Before daybreak I bandaged the wounds that I had received in the lace. Then only did I pluck up enough courage to return to the other loom. Twice I started, only to turn back; but it must be done, so I entered. Even then, I did not at first go to the bed. My legs shook, my heart pounded. I thought of flight; but that would have been a confession of the crime. … It was on the contrary very important for me to hide all traces of it. I approached the bed. I looked at the corpse, with its widely distended eyes and its mouth gaping, as if uttering the eternal reproach of the centuries: “Cain, what hast thou done with thy brother?” I discovered on the neck the marks of my nails; I buttoned the shirt to the top, and drew the bed-cover up to the dead man’s chin. Then I called a servant and told him that the colonel had died towards morning; I sent him to notify the vicar and the doctor.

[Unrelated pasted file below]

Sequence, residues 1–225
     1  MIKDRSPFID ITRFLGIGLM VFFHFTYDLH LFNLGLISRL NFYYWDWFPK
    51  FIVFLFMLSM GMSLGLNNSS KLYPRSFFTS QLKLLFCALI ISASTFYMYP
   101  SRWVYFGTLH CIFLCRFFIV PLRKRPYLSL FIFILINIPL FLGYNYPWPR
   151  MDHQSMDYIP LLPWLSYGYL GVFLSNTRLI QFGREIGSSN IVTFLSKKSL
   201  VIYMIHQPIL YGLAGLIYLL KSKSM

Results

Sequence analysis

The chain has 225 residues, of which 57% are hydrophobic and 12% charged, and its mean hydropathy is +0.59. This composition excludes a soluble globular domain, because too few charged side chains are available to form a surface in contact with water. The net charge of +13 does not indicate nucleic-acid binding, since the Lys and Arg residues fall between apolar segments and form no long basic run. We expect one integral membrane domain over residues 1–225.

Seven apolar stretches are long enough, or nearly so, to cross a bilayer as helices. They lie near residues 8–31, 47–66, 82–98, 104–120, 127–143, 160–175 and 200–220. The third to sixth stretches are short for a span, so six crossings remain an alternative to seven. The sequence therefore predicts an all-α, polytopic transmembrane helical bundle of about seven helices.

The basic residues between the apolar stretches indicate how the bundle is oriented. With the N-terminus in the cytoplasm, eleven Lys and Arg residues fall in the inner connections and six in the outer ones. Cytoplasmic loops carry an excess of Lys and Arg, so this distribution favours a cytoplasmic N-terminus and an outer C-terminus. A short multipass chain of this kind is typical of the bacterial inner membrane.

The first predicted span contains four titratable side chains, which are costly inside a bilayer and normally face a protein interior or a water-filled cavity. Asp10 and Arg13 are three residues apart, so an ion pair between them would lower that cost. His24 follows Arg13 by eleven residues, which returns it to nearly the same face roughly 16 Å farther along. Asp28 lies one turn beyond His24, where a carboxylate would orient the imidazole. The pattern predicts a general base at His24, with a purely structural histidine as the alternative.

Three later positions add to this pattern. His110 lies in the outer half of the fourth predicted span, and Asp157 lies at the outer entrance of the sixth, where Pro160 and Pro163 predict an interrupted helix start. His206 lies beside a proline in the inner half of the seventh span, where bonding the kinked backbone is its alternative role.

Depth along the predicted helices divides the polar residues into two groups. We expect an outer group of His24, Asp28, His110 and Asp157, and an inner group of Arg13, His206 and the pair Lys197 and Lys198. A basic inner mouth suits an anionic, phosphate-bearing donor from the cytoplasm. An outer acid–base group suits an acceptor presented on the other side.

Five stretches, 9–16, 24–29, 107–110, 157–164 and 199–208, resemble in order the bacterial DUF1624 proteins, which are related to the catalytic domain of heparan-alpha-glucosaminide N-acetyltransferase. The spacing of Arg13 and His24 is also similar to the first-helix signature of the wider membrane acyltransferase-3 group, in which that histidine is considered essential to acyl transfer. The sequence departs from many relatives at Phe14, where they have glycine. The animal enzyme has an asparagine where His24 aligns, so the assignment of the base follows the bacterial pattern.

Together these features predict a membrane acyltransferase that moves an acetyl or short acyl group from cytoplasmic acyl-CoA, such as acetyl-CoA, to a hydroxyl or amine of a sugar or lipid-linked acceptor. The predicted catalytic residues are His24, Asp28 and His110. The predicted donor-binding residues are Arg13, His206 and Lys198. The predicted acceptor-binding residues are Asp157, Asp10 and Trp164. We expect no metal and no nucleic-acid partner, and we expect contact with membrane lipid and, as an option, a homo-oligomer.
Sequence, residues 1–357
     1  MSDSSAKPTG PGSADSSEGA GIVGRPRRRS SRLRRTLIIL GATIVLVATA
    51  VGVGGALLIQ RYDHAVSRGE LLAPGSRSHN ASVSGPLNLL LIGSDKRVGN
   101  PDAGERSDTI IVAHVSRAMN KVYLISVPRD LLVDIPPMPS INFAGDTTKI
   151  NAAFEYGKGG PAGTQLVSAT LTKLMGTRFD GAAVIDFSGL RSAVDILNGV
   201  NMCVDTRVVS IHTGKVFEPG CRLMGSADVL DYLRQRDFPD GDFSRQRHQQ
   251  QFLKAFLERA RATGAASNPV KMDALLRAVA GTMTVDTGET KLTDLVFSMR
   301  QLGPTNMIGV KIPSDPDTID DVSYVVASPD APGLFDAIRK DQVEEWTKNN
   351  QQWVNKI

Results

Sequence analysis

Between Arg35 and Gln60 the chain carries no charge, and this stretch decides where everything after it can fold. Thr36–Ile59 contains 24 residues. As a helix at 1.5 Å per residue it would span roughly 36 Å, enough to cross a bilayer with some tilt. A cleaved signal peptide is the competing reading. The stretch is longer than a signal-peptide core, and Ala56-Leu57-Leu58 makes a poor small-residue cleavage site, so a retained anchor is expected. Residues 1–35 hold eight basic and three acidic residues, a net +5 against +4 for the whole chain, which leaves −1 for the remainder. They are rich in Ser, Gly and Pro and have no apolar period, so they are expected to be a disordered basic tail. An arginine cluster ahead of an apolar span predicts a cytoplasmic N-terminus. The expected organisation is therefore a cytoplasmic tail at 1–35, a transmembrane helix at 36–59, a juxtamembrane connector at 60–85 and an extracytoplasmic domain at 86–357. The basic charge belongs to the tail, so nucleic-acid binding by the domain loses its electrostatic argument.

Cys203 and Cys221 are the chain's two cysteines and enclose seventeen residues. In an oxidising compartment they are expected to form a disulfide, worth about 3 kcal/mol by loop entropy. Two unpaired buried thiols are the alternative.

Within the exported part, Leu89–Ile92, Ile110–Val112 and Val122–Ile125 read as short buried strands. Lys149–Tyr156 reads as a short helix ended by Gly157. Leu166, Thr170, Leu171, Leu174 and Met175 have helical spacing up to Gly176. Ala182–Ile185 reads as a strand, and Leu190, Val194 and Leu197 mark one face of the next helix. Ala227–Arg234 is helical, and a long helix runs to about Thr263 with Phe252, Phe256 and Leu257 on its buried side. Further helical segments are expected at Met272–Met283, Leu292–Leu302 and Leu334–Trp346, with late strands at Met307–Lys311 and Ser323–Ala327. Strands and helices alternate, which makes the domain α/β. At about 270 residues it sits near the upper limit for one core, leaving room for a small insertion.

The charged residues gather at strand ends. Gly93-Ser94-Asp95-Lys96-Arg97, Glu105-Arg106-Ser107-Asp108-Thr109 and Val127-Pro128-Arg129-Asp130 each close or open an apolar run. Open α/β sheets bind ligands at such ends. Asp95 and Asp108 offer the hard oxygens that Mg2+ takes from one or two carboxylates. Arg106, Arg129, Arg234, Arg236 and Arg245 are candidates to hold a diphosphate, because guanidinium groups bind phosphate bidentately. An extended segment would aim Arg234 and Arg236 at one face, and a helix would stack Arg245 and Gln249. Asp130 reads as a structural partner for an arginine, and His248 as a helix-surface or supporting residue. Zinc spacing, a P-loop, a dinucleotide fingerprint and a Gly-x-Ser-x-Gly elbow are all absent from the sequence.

My immediate departure
The first idea that came to me was to leave as soon as possible under die pretext that my brother was ill; and in reality I had received, several days before, from Rio, a letter telling me that he was not at all well. But I considered that my immediate departure might arouse suspicion, and I decided to wait. I laid out the corpse myself, with the assistance of an old, near-sighted negro. I remained continually in the room of the dead. I trembled lest something out of the way should be discovered. I wanted to assure myself that no mistrust be read upon the faces of the others; but I did not dare to look any person in the eye.
Everything made me impatient; the going and coming of those who, on tiptoe, crossed the room; their whisperings; the ceremonies and the prayers of the vicar. … The hour having come, I closed the coffin, but with trembling hands, so trembling that somebody noticed it and commented upon it aloud, compassionately.
“Poor Procopio! Despite what he has suffered from his master, he is strongly moved.”
It sounded like irony to me. I was anxious to have it all over with.